How To Encrypt Passwords Using SHA-256 In C# And .NET

How To Encrypt Passwords Using SHA-256 In C# And .NET

.NET makes it pretty simple to work with data encryption with the Cryptography namespace. So there should be no reason to have plain text passwords in your databases, like I've seen far too many times at various companies that I've worked for.

And we've read countless times about companies getting hacked, so taking any extra measures to protect your data is important. Or for any other of your data encryption needs.

While the odds of someone taking over your database aren't exactly super high, it is possible, and you want to lower the amount of damage done to your users/clients as much as you can.

The Basic Process

The overall process is relatively simple and will go like this: A user will enter their password on your website, but we won't be storing this password anywhere. Instead we're going to calculate the SHA256 hash and then store that instead. This makes it pretty much impossible to retrieve the users password back, since we don't actually have it.

The tiniest change to a string will create unpredictable changes to the resulting SHA256 hash. So when a user attempts to log in to their account, you recalculate the hash with the value that they have entered and compare the result with what's in the database. If both hashes are the same, then bingo, the user is valid.

You don't have to use the SHA256 variation algorithm to encrypt passwords mind you. But you should pick one, any one, and never store the users passwords in plain text. Many websites still do this, and you can tell because when you attempt to retrieve your password, they will send it right back to you no problem. If they were encrypting your passwords properly, this would not be possible.

Compute Hash

First off we need to specify the correct namespace to do our work in C# and .NET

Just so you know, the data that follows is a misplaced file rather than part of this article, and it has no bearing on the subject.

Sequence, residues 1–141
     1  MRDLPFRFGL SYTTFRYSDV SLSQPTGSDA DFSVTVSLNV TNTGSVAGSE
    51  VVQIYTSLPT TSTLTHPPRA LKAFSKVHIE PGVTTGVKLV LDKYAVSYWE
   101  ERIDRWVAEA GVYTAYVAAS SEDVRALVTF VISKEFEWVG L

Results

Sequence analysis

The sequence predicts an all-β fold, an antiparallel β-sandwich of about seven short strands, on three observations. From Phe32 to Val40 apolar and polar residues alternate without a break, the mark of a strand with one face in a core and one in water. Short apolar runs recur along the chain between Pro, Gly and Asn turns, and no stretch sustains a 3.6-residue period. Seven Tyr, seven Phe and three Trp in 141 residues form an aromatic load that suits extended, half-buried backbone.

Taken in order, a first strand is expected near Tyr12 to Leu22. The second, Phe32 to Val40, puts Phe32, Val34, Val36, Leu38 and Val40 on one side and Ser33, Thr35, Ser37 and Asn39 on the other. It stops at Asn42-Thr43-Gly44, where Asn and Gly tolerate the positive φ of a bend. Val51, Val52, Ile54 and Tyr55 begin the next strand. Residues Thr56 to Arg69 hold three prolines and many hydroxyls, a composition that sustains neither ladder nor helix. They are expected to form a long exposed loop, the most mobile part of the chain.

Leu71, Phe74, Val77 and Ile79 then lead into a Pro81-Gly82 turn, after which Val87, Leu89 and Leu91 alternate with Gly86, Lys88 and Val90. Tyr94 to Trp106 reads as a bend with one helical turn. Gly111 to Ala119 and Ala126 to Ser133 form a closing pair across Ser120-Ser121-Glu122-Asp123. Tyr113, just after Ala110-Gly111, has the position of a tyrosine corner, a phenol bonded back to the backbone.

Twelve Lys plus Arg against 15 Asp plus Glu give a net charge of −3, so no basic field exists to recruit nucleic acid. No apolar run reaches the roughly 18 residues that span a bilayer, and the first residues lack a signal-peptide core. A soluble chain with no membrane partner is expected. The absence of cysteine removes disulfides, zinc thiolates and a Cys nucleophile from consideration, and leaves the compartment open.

using System.Security.Cryptography;

The System.Security.Cryptography namespace houses classes involving the encoding and decoding of data, hashing algorithms as well as random number generation.

We'll need to create a new instance of the SHA256 class to work with. However, SHA256 is an abstract class so we will need to use the static class SHA256Managed in order to initialize a SHA256 hash object.

We'll be putting the result in a byte array, because that's what the ComputeHash function, which handles the encoding, returns as its calculated value. The byte array will result in 256 bits of data (hence SHA256), which translate to a 32 byte array.

We'll also need to create a new object of type UTF8Encoding which will take the string representation of our data and convert it to a byte array using the GetBytes(string) method.

private byte[] CalculateSHA256(string str)
        SHA256 sha256 = SHA256Managed.Create();
        byte[] hashValue;
        UTF8Encoding objUtf8 = new UTF8Encoding();
        hashValue = sha256.ComputeHash(objUtf8.GetBytes(str));

        return hashValue;

Most of the hashing algorithms in .NET will follow the same pattern of creating a new managed object and computing the hash on the byte interpretation of the data.

Storing The Hash

So now that you have the encrypted value you'll need to store that byte array into the database. If you're working with SQL Server than you can create a new column with a Data Type of binary(32), because the result is 32 bytes long. If you're working with any other DBMS, than you'll have to lookup the equivalent to a 32 byte array.

Comparing Hashes

So now when a user logs in with their password, you'll start off by calculating a hash for that password and then comparing it with the value that is stored in the database. If both values end up matching then we have a winner.

Adding A Salt

This is totally optional, but recommended to make it harder for would be intruders to figure out your stored passwords. A salt is extra data that is appended to a string before it is encrypted. For example:

Pre-Salt: password1234

With Salt: password1234k44LD8Ew90

The appended string can be any random set of characters that you define and should be different for every user. It's an extra level of protection because the users password alone is not enough to calculate the hashed value. Any attacker would also have to know the users salt in order to compare values.

It's just a few extra steps in order to better protect your websites and you'll feel better knowing that your users are that much more protected and they'll feel better knowing that your website cares about their security.

Walter Guevara is a software engineer, startup founder and currently teaches programming for a coding bootcamp. He is currently building things that don't yet exist.

Community Comments

7/31/2020 6:51:56 AM
This is a great example. Was easy to convert to VB! TY

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